Innovation is essential for growth and the essence of innovation is dissent from conventional wisdom. A society intolerant of dissent is likely to be neither innovative nor entrepreneurial. Neither can a knowledge economy be rooted in an academia subservient to the government of the day. Accepting the intolerance of dissent and assault on academic autonomy displayed at Maharaja Sayajirao University (MSU) in Vadodara can thus have pernicious effects on our growth. But, transcending any such instrumental benefits, some tenets are intrinsically valuable and need to be protected. For us, as a newspaper and as individuals, freedom of expression is one such belief.
In the MSU incident, both the state’s ruling party, whose leader started this sorry episode, and the state itself— through the police who arrested the artist—behaved in the best traditions of fascism and fundamentalism. In actively collaborating with such intolerance, the MSU administration acted in an unforgivable and reprehensible manner. This is but the latest, if among the more egregious, of such assaults. One of our most eminent artists remains in exile, fearing for his liberty if he returns. The Supreme Court just upheld the ban on Dharmakaarana for offending a section of people in Karnataka and our Union minister for information and broadcasting claims his committee alone can decide what is “good taste” for all Indians.
The archaic nature of the law is but a feeble excuse, as shown by the remarks of the judge while granting bail to the student. Indeed, even a cursory reading of these laws shows that they can apply much more against the local rabble-rousing leader than the art student.
The concomitant assault on academic autonomy—by suspending the dean of fine arts, which, shamefully, still stands—is especially painful since it emanates from the person charged with preserving it, i.e., the vice-chancellor. One reason that free societies zealously guard academic autonomy is because it fosters dissent in a culture of introspection and debate. This constructively canalizes dissent into the mainstream, making it a vital ingredient of progress. Education is about nurturing intellectually curious and questioning individuals, who collectively are vastly more than the sum of their individual parts. If academia were to bend to the whims of government, it is but a short step to the indoctrination of young minds, turning them into automatons that are mental clones of each other.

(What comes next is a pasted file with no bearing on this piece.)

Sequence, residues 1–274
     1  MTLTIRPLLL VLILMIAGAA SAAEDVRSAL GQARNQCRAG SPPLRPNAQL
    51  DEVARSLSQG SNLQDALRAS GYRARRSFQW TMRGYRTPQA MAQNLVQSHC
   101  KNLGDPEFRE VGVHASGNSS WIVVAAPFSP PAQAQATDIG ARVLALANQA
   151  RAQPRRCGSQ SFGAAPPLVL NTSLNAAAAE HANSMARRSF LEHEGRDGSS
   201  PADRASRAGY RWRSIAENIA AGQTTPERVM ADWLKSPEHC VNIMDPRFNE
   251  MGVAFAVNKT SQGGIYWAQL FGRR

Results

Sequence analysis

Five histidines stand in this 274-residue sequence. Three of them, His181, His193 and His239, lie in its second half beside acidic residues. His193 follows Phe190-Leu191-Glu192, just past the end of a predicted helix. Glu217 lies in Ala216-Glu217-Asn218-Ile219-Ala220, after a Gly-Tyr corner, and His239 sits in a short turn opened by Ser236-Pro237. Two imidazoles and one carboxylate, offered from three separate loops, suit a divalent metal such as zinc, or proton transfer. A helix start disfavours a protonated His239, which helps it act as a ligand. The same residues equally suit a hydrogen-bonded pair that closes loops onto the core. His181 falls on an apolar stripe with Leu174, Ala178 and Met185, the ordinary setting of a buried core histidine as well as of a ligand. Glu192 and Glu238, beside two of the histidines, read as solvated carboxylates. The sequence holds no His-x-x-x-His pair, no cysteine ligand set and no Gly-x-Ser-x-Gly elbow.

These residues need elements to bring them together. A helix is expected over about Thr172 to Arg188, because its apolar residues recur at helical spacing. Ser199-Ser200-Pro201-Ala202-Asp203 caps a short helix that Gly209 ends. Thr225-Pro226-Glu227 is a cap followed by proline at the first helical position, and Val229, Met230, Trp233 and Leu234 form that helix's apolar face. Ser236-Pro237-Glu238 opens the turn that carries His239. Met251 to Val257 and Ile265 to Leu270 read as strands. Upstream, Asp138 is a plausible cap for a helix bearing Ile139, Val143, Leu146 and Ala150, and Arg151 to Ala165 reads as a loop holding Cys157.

Regrettably, academic autonomy is debased at will, and with minimal resistance. Our ministers for human resource development seem to consider violating it a prerogative, if not a virtue, and our academic leadership seems eager to surrender without a fight while the broader community remains strangely quiescent. There were few protests when government directives on admissions were issued in the recent past, and while there is a little more noise in the current MSU case, this is mostly in the media and among artists. Protests from those outside MSU and the discipline are mostly notable by their absence.
MSU needs to immediately reinstate the dean, provide full support to its student in dealing with an utterly unnecessary legal situation and proceed instead against those who invaded the university.
Indeed, we dream of the day when crowds of various denominations will protest vociferously but peacefully against an exhibition at the National Gallery of Modern Art titled Dissent, featuring portrayals of Hindu gods in various states of offensive undress next to irreverent cartoons of the Prophet, blasphemous depictions of Christian icons and disrespectful representations of our national symbols. At the entrance would be an aphorism attributed to Voltaire: “I will disagree to the death what you say but defend with my life your right to say it.” Sadly, such a day may be receding further into the future.
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